The Kinderformularium, developed in the Netherlands, now also provides pediatricians and pharmacists abroad with a database of drug dosage recommendations specifically aimed at treating children. Germany, Austria and Norway are the first countries in which the Kinderformularium has been rolled out. All parties signed a license agreement with the Dutch Children's Formulary NKFK (Nederlands Kenniscentrum Farmacotherapie bij Kinderen).
Saskia de Wildt, Medical Director and Pediatrician, Professor of Clinical Pharmacology at the Radboudumc: 'The Children's Formulary is unique. It has taken a lot of time and effort to set it up properly and carefully and to develop it further. For this we worked together with a large network of Dutch physicians and pharmacists. We received financial support from various parties, and since 2017 the Ministry of Health, Welfare and Sport has been funding our Dutch activities.'
'It requires continuous monitoring to see if the data is still up to date and meets all the conditions of medication for children. I am very proud and happy that the Children's Formulary is now also used outside the Netherlands and that this allows us to share our child-specific drug dosage information system with other countries. We look forward to other countries joining us so that we can also contribute to safer and more effective drug care for children there.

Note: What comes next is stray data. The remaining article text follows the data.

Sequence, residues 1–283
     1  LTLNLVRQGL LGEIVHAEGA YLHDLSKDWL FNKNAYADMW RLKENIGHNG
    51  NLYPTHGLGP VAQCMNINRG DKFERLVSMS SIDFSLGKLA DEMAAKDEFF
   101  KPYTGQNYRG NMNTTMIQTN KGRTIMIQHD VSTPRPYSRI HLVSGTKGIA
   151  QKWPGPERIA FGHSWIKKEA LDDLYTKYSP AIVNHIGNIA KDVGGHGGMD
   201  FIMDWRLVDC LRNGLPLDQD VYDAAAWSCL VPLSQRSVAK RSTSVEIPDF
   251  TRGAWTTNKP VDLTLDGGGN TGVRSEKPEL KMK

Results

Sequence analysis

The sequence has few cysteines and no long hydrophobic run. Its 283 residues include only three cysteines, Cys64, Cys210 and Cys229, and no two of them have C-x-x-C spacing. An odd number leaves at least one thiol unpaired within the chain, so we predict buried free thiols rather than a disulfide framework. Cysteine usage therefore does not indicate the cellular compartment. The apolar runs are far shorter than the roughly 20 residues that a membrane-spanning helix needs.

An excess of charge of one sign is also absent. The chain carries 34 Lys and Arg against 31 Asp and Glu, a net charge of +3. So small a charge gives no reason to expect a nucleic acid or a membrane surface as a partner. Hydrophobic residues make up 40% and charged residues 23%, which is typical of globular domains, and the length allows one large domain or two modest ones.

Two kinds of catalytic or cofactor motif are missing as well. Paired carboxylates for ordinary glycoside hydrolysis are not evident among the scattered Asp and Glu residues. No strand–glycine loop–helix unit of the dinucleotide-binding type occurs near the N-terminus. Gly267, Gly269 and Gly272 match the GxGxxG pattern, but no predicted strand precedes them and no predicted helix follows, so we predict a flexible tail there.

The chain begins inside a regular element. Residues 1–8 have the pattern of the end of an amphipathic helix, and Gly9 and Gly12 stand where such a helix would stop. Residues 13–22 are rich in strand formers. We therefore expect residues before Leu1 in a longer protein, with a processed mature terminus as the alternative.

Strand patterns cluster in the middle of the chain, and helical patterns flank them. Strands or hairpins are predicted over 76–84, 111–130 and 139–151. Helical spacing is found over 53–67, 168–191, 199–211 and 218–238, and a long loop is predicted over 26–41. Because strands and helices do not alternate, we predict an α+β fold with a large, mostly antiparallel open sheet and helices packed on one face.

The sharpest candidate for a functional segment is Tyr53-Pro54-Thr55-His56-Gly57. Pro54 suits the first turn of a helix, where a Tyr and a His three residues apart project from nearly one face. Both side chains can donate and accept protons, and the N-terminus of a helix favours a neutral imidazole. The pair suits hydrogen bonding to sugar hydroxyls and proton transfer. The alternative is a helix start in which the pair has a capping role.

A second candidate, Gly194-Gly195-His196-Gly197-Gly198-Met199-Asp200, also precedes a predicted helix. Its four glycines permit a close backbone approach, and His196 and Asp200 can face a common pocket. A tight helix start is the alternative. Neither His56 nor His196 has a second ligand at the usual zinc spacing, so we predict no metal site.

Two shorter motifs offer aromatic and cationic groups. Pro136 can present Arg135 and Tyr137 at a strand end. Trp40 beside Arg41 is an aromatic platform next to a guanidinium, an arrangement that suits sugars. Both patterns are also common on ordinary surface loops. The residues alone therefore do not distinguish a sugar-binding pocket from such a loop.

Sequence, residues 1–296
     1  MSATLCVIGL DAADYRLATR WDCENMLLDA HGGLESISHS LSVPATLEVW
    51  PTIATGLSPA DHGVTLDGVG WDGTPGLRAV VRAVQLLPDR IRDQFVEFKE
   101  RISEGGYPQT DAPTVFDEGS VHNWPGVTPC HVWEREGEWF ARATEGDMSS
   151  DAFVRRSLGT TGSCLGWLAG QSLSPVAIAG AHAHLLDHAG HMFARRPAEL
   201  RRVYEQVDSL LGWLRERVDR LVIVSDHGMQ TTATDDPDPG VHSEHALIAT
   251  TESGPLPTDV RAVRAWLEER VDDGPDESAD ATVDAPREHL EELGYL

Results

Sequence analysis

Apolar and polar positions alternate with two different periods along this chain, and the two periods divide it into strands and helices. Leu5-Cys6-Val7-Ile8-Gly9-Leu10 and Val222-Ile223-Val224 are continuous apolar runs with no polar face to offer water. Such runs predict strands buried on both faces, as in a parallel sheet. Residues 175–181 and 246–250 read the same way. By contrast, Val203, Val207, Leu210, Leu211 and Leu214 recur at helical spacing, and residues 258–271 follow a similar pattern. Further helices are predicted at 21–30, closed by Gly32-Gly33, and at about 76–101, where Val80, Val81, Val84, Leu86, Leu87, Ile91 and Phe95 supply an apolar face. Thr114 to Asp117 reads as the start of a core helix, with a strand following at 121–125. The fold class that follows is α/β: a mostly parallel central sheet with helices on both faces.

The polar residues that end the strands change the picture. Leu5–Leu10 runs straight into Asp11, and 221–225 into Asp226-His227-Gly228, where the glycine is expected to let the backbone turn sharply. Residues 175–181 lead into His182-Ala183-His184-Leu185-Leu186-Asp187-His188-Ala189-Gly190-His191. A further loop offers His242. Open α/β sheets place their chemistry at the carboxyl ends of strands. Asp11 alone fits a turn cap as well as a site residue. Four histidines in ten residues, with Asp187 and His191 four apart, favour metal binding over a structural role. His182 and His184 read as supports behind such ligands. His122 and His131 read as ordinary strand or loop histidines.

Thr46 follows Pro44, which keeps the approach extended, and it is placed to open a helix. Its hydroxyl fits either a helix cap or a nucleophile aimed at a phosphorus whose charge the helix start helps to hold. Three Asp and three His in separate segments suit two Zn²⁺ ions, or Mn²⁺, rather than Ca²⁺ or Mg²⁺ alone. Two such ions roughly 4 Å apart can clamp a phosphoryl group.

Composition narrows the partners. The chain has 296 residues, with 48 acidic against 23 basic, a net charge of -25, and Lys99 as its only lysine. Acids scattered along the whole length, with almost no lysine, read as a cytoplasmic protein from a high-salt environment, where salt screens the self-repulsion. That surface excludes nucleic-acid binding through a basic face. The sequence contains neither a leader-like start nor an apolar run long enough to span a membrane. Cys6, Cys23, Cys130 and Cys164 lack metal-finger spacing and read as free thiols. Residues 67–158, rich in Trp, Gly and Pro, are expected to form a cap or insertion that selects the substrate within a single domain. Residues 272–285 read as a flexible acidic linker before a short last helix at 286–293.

Customization possible per country
It is possible to adapt the system to the needs of the country concerned. All countries carefully checked the existing content, and where necessary, the database was expanded to include medicines that are not used in the Netherlands but are used in the country in question.
Tjitske van der Zanden, technical director of the Children's Formulary and researcher at Radboudumc and Erasmus MC: "The ultimate goal is to collaborate on content. By drawing up the dosage recommendations together we can divide the work, speed up the maintenance cycle and further expand the information, for example with dosages for obese children or children born prematurely. For us, the most important thing is that we can ensure that children in all countries receive the right medication in the right dosage, this is a great first step!'
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